Figure 3 shows the experimental setup used to evaluate the performance of the proposed technique. This setup was used to adjust the ASE and MPI noise powers independently. For the evaluation, we used 10-Gb/s and 40-Gb/s signals modulated in NRZ and RZ formats (pattern length: 231-1). To generate the MPI noise, we tapped 90 % of the modulated signal, transmitted through 1.5-km long single-mode fiber (SMF) (which was longer than the coherence length), and then sent to the MPI generator consisted of eight different noise paths (0 km ∼ 7 km). Although it may be desirable to use a large number of noise paths for the accurate simulation, we implemented the MPI generator by using only eight paths as in other literatures –. We adjusted the polarization controllers to set the DOP of the MPI noise to be 1/9. The generated MPI noise was added to the modulated signal together with the ASE noise. The ratio between the MPI and ASE noise powers was determined by using the variable optical attenuators (VOA1 and VOA2). The 3-dB bandwidth of the tunable bandpass filter within the proposed monitoring module was 3 GHz. We measured the ASE noise power (PASE) and MPI noise level (r) by measuring the powers (P1, P2, P3, and P4) in Eq. (2), while varying r from -30 dB to -15 dB and OSNR (which was defined as the power ratio between the signal and ASE noise only) from 15 dB to 30 dB. Figure 4 shows the measured OSNR errors at various MPI noise levels. The OSNR error increased slightly with OSNR due to the difficulty of accurately measuring the small noise power (when the OSNR was very high). However, regardless of the data rates, modulation formats, and MPI noise levels, the proposed technique could measure the OSNR with accuracy better than 1 dB. On the other hand, the results in Fig. 5 show that the proposed technique could also measure the MPI noise level (r) accurately regardless of the data rates, modulation formats, and OSNRs. In particular, it is interesting to note that the proposed technique could accurately monitor the MPI noise level (r) even when the MPI noise was much smaller than the ASE noise.
To further evaluate the performance of the proposed technique, we implemented a DRA system shown in the inset of Fig. 6. To generate large amount of MPI noise, we intentionally used the dispersion-compensating fiber (DCF) as Raman medium since it had large Raman gain efficiency and Rayleigh backscatter capture coefficient due to the small core diameter and high refractive-index difference (∆n). We transmitted 10-Gb/s NRZ signal through the Raman-pumped 16.3-km long DCF. The wavelengths of the signal and Raman pump were 1547 nm and 1445 nm, respectively. The total PMD of this DCF link was 1.4 ps. Figure 6 shows the measured MPI noise levels in comparison with the theoretically calculated curve as a function of the on-off Raman gain. In this calculation, we set the pump and signal attenuation to be 0.88 dB/km and 0.55 dB/km, respectively, and used the Rayleigh backscatter capture coefficient (S = 0.0165) obtained from ∆n of DCF . The measured MPI noise levels agreed well with the calculated curve when the on-off gain was in the range of 12 dB ∼ 22 dB. The small errors observed when the on-off gain was smaller than 12 dB were caused by the limited dynamic range of our monitoring module (i.e., it was difficult to accurately measure the extremely small noise power). When the on-off gain was higher than 22 dB, we could not measure the MPI noise level due to stimulated Brillouin scattering. Nevertheless, these results confirmed that the proposed technique could monitor both the ASE and MPI noises in real DRA systems. In principle, the monitoring accuracy of this technique could be affected by the PMD and nonlinear birefringence , . However, it should be noted that the proposed technique could be relatively insensitive to the effect of PMD due to the extremely narrow bandwidth of the tunable filter (3-dB bandwidth: 3 GHz) used in our monitoring module . Since the effect of nonlinear birefringence is negligible in typical DRA systems –, it is not expected to seriously deteriorate the monitoring accuracy of the proposed technique.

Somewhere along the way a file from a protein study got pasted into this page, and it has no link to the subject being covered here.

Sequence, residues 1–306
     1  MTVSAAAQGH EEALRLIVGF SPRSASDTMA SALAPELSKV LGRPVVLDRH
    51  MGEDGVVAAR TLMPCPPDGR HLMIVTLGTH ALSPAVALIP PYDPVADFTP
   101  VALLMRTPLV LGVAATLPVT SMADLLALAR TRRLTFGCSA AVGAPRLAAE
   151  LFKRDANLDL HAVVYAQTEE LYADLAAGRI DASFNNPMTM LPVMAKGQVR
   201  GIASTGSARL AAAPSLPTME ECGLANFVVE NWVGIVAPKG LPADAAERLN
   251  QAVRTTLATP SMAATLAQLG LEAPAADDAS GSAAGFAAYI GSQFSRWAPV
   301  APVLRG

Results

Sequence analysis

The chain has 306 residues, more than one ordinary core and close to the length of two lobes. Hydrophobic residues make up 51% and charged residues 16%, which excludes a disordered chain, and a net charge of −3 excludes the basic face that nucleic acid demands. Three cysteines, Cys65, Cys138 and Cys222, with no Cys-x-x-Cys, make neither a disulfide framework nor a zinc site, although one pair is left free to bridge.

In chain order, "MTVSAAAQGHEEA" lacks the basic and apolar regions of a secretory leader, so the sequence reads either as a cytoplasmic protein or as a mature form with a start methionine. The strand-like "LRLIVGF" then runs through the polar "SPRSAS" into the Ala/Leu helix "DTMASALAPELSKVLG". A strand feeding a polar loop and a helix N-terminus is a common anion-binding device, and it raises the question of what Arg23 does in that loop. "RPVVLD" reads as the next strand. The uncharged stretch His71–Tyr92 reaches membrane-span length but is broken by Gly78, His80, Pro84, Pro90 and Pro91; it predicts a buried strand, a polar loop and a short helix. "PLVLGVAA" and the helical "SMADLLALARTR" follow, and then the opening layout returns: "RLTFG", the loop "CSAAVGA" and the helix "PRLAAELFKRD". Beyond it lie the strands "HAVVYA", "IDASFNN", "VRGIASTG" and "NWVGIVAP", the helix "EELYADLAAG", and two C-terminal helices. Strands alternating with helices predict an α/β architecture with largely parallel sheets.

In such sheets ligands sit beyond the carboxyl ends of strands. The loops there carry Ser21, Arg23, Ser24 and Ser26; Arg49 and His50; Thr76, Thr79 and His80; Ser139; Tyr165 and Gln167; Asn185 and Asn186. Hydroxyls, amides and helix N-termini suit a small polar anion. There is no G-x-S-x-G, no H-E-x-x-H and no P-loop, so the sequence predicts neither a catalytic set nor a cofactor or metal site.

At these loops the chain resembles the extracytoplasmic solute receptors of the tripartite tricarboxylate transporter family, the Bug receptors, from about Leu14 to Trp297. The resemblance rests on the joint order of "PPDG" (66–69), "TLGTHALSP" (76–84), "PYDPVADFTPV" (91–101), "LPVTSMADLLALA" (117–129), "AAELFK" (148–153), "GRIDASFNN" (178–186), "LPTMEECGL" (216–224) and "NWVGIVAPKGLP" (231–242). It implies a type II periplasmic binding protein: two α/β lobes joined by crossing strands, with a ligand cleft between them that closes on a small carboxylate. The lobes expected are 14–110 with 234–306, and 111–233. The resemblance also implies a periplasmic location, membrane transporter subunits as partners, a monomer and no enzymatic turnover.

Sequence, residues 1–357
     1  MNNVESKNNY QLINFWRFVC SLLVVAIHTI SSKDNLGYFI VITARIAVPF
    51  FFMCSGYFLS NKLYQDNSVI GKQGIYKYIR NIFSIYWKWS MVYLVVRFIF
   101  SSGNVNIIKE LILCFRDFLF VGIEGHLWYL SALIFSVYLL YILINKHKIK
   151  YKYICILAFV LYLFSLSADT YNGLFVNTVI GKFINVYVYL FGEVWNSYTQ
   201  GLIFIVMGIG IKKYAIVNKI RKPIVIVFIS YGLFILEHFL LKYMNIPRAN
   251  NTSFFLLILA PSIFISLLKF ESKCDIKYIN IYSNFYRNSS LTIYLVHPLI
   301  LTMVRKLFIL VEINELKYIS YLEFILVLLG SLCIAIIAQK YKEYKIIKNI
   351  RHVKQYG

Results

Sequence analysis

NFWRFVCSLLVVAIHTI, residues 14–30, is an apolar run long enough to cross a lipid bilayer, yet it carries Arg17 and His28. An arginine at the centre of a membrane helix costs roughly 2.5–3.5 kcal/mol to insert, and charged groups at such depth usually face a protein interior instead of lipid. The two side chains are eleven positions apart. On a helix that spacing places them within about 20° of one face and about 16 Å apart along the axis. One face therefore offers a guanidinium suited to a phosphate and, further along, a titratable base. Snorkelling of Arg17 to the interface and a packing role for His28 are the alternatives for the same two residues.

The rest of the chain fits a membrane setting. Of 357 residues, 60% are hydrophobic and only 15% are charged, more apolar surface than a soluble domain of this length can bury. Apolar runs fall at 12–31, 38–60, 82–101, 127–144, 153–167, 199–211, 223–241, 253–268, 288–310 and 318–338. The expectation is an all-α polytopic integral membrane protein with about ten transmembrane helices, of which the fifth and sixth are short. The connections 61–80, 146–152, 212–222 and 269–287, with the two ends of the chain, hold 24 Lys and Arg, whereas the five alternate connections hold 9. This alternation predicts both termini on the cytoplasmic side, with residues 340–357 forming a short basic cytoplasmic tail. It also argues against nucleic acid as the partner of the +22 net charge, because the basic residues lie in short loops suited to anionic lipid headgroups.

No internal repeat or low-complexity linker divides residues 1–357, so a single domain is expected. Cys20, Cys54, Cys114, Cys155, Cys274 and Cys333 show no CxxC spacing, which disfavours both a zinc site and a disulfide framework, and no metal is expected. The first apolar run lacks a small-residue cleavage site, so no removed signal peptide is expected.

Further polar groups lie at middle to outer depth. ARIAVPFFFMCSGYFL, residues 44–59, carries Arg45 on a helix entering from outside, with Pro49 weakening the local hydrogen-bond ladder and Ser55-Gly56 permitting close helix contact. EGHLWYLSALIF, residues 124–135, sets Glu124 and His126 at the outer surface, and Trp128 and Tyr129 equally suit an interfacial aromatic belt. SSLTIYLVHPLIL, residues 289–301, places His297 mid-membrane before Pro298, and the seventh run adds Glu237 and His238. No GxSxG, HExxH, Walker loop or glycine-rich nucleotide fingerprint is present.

We have demonstrated that the polarization-nulling technique could be used to monitor the MPI noise as well as the ASE noise in DRA systems. This technique utilizes the facts that the DOP of the MPI noise (generated by double Rayleigh backscattering in DRA system) is 1/9, while the ASE noise is unpolarized. To evaluate the performance of the proposed technique, we measured the MPI noises included in the 10-Gb/s and 40-Gb/s signals (modulated in NRZ and RZ formats) at various OSNR values in the range of 15 dB ∼ 30 dB. The results showed that the proposed technique could measure the MPI noise level with accuracy better than ±1 dB regardless of the data rates, modulation formats, and OSNR levels. We also confirmed that the proposed technique could accurately monitor the MPI noise in a real DRA system. In principle, the accuracy of the proposed technique could be deteriorated if the DOP of the MPI noise deviated from 1/9 due to the discrete reflection occurred in the transmission link of DRA systems. However, the maximum error in the measured MPI noise level would be less than 0.3 dB, as long as the reflectivity of the discrete optical component does not exceed -40 dB. From these results, we concluded that both the MPI and ASE noises in DRA systems could be monitored accurately by using the polarization-nulling technique.